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Having the following piece of code:


File: types.h

typedef struct Struct_A_T
{
   int   A;
   char  B;
   float C;
}Struct_A;

File: code.c

#include "types.h"

void Function(const void *const ptr)
{
   Struct_A localStruct = *((Struct_A *)ptr);

   localStruct.A = 1000;
   localStruct.B = 250;
   localStruct.C = 128.485;
}

File: main.c

#include "types.h"

void Function(const void *const ptr);

int main(void)
{
   Struct_A MyStruct1 = {2, 5, 2.8};
   float local = 24.785;

   /* Correct call */
   Function(&MyStruct1);

   /* Incorrect call!!! */
   Function(&local);
}

And knowing that a pointer to void can be used as a "generic" pointer. How can I detect inside "Function" that the type passed in the void pointer is the correct in order to avoid the run time error provoked by the last call in the file main.c?

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Void pointers and type safety are mutually exclusive concepts. You can't have both, at least not in C. –  John Bode Oct 24 '13 at 19:15

3 Answers 3

There's no way to do it using language features. It can only be done manually.

I, for one, use the following technique in debug builds of the code

typedef struct Struct_A_T
{
   int   A;
   char  B;
   float C;
#ifdef DEBUG
   unsigned signature; 
#endif /* DEBUG */
}Struct_A;

i.e. in debug configuration I introduce an additional field into the structure. Each object of that struct type has to have that field initialized with some pre-determined "unpredictable" signature value specific for this type, like

#define STRUCT_A_SIGNATURE 0x12345678

which is easy to do if all structures are created in some centralized fashion (like allocated dynamically or initialized by a dedicated function). This might be more cumbersome if there's no such centralized location. But that the price we sometimes have to pay for safety. For example, in your example case that would be

Struct_A MyStruct1 = {2, 5, 2.8, 0x12345678 };

BTW, designated initializers might make such initializations more stable and it easier to read.

And then, in order to convert pointers from void * to the specific type I use the following cast macro

#ifdef DEBUG
  #define TO_STRUCT_A(p)\
    (assert((p) == NULL || ((Struct_A *)(p))->signature == STRUCT_A_SIGNATURE),\
      (Struct_A *)(p))
#else /* DEBUG */
  #define TO_STRUCT_A(p) ((Struct_A *)(p))
#endif /* DEBUG */

meaning that inside your Function you'd do

Struct_A localStruct = *TO_STRUCT_A(ptr);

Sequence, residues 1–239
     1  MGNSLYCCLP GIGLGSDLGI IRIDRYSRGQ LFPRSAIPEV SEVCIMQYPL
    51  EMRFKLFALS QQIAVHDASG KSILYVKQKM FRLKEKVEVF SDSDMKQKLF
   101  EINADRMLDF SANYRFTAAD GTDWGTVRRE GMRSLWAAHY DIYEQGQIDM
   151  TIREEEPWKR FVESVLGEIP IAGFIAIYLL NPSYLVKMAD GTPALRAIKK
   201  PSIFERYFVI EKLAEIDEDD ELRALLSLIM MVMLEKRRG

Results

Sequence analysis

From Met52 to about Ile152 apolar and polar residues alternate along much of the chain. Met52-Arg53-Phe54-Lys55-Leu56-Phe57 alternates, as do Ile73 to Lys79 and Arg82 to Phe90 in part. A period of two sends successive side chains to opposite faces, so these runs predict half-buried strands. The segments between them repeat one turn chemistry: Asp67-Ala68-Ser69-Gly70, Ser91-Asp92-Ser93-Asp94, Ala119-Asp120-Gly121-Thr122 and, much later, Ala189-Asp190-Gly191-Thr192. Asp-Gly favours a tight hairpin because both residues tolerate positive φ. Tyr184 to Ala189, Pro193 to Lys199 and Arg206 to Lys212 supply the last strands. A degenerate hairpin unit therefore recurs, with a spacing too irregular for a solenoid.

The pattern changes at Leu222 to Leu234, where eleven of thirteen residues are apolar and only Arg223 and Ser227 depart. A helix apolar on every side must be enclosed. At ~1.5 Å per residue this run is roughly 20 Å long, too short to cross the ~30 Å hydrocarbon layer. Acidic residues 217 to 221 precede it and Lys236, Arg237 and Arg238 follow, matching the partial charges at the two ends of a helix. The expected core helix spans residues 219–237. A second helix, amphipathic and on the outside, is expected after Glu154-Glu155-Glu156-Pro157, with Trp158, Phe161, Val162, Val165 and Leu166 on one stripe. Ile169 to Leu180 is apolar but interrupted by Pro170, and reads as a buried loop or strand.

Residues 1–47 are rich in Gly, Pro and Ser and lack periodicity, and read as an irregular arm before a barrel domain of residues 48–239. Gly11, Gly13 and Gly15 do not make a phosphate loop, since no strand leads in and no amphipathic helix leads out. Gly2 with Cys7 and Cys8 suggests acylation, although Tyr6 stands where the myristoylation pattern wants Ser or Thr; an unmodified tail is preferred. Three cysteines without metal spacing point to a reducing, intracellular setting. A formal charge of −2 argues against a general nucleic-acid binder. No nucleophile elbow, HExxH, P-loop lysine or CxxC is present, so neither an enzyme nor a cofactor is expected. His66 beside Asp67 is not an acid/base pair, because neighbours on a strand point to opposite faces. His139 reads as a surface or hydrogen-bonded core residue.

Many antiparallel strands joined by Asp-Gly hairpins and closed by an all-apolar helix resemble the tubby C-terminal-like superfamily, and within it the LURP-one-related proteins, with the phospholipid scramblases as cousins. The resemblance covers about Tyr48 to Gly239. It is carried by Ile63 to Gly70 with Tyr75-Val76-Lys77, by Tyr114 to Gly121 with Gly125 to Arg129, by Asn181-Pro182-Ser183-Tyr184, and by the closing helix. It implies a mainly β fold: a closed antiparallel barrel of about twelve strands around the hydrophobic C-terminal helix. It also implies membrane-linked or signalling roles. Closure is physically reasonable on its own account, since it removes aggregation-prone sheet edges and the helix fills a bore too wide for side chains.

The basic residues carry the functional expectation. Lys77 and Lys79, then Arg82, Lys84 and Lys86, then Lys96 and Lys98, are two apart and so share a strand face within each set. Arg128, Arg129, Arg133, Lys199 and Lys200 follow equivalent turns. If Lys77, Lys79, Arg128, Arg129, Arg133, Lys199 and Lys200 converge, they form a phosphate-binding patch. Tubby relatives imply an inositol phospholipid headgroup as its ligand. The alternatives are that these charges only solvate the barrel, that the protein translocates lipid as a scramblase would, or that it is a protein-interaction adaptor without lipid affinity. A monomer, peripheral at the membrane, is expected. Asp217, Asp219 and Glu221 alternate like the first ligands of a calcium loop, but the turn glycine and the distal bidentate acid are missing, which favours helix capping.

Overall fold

which with very high probability will trigger assertion failure if a pointer to wrong type is passed to Function.

This all can (and should) be implemented using a more generic set of macros, of course.

Obviously, this only works for struct types, into which you can inject that additional signature field. Another potential problem with this approach is that by introducing an extra field into the structure in debug builds one can potentially cause the behavior of debug and release build to diverge.

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You can't, that's the primary downside of void*, you have no way to determine what is being pointed to. You just have to know.

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You may use sizeof to compare sizes of the struct to that which void* points points to. This is not a sufficient but necessary condition that a pointer to your struct type is passed to Function. BTW the property of languages with the possibility to check metadata (incl. types) of variables and wider is called reflection. It is available in many modern languages and some bits have been included recently in C++11, but C still lacks it.

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1  
eh? How do you find the sizeof something to which void* points to? AFAIK, there is no way with a pointer to know the size of whatever it's pointing at... –  Nim Oct 24 '13 at 19:11
    
@Nim Good point. –  Igor Popov Oct 24 '13 at 19:12
    
sizeof cannot be applied to void type, meaning that it cannot be applied to a dereferenced void * pointer. In any case, outside of VLA contexts sizeof is a purely compile-time operator, which for that reason cannot possibly be used to verify any run-time conditions. –  AndreyT Oct 24 '13 at 19:26

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